Couple to contest £400,000 overdraft charges

The Sunday Times Mark Macaskill Published: 31 May 2015

Clydesdale Bank granted Tweed Homes a £2.5m overdraft

Clydesdale Bank granted Tweed Homes a £2.5m overdraft

ONE of Scotland’s largest banks is being sued by a couple who claim they were charged fees of more than £400,000 for an overdraft they were blocked from using.

Andy and Moira Anne Pearson, who run Tweed Homes, an award-winning property developers, were granted a £2.5m overdraft in 2007 by Clydesdale bank.

The money was supposed to finance the construction of new homes on land owned by the Duke of Roxburghe in the Scottish Borders but after using about half the fund, the Pearsons claim they were refused further access, without explanation.

They claim that over the following seven years they endured years of “anguish, anxiety and stress” and insist that they were powerless to prevent massive charges – which appeared on statements as arrangement fees, exit fees and security fees – being levied against their account. On top of the fees, which they claim totalled about £400,000 – more than a third the sum of money they actually borrowed – interest of £700,000 also accrued.

On Friday, lawyers acting for the couple lodged legal action against Clydesdale bank in Edinburgh’s court of session. They claim the bank breached its contract with them and are seeking damages of £2.3m.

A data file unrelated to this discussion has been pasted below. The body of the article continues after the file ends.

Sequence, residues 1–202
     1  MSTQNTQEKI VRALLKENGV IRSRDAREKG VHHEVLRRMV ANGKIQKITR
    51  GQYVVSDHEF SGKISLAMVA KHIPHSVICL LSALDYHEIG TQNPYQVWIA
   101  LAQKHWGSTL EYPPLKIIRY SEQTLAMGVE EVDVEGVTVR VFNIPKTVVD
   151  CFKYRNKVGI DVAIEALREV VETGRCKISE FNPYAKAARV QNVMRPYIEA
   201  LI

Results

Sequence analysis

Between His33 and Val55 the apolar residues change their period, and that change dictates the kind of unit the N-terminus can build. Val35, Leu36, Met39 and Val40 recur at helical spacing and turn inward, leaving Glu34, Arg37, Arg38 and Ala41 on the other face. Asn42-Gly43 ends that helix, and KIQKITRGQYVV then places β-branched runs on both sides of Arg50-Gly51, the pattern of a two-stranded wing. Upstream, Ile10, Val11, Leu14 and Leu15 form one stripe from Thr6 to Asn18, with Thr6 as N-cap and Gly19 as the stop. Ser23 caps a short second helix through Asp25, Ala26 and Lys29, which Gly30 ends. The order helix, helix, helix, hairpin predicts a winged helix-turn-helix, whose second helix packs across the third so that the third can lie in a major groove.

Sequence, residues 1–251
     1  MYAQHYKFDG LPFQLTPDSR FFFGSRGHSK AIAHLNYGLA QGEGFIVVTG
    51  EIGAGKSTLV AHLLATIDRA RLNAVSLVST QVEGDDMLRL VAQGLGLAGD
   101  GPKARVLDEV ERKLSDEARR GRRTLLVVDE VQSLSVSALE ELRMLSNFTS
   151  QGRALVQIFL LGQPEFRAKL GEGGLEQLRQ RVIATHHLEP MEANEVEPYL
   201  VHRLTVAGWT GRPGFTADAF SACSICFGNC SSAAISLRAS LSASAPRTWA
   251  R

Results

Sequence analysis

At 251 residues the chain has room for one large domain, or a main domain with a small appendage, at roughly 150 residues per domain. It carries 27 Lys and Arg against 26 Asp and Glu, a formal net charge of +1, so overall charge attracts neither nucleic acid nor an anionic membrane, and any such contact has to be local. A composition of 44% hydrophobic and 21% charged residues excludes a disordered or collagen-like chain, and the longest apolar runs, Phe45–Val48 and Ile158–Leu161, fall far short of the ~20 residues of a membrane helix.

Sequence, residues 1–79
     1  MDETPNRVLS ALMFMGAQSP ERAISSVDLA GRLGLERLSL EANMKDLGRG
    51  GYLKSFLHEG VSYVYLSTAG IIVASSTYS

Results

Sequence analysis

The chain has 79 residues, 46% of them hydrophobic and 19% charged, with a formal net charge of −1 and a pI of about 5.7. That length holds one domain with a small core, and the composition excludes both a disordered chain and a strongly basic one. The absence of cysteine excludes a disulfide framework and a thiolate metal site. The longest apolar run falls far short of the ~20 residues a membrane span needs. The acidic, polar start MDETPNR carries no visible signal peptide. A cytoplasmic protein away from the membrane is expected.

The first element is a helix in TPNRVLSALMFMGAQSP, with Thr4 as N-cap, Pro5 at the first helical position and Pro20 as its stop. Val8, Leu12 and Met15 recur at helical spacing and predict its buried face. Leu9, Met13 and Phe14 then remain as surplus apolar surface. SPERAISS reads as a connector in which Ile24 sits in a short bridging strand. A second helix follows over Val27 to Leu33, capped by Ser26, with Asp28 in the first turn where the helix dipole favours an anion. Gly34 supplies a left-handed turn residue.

The legal action is the latest in a catalogue of claims against high street banks which have been accused of destroying customers’ businesses. The Royal Bank of Scotland is facing multi-million pound class actions from potentially hundreds of entrepreneurs who insist they were mistreated by Global Restructuring Group, a division of the bank. GRG was set up to nurse troubled companies back to health, but it is accused instead of pushing them towards failure.

Court papers lodged by the Pearsons state that in April 2014, Clydesdale informed them that it no longer intended to support their property development plans and that the overdraft facility agreed in 2007 will expire next month. The charges levied make it possibly one of the most expensive overdraft facilities to be granted by a high street bank.

“Tweed Homes has been trying to settle matters amicably with Clydesdale for quite some time, however our case has been passed from pillar to post for too long. We have finally lost patience with the bank and now find it necessary to try and achieve satisfaction through the courts,” said Andy Pearson, who is a former chairman of Homes for Scotland.

Cat Maclean, a partner at Edinburgh-based MBM Commercial, said: “I am deeply sympathetic to the situation my clients find themselves in: they have been committed to resolving matters with the bank since 2008, and have worked hard to achieve resolution. They have been consistently rebuffed and so it is disappointing, but perhaps not surprising, that things have come to this, and proceedings have now been raised. If there is a willingness on the part of the bank to resolve matters through discussion my clients are still prepared to do so, but equally they are now entirely prepared to see litigation through to conclusion.”

A spokesman for Clydesdale bank said it would not be appropriate to comment on the case.

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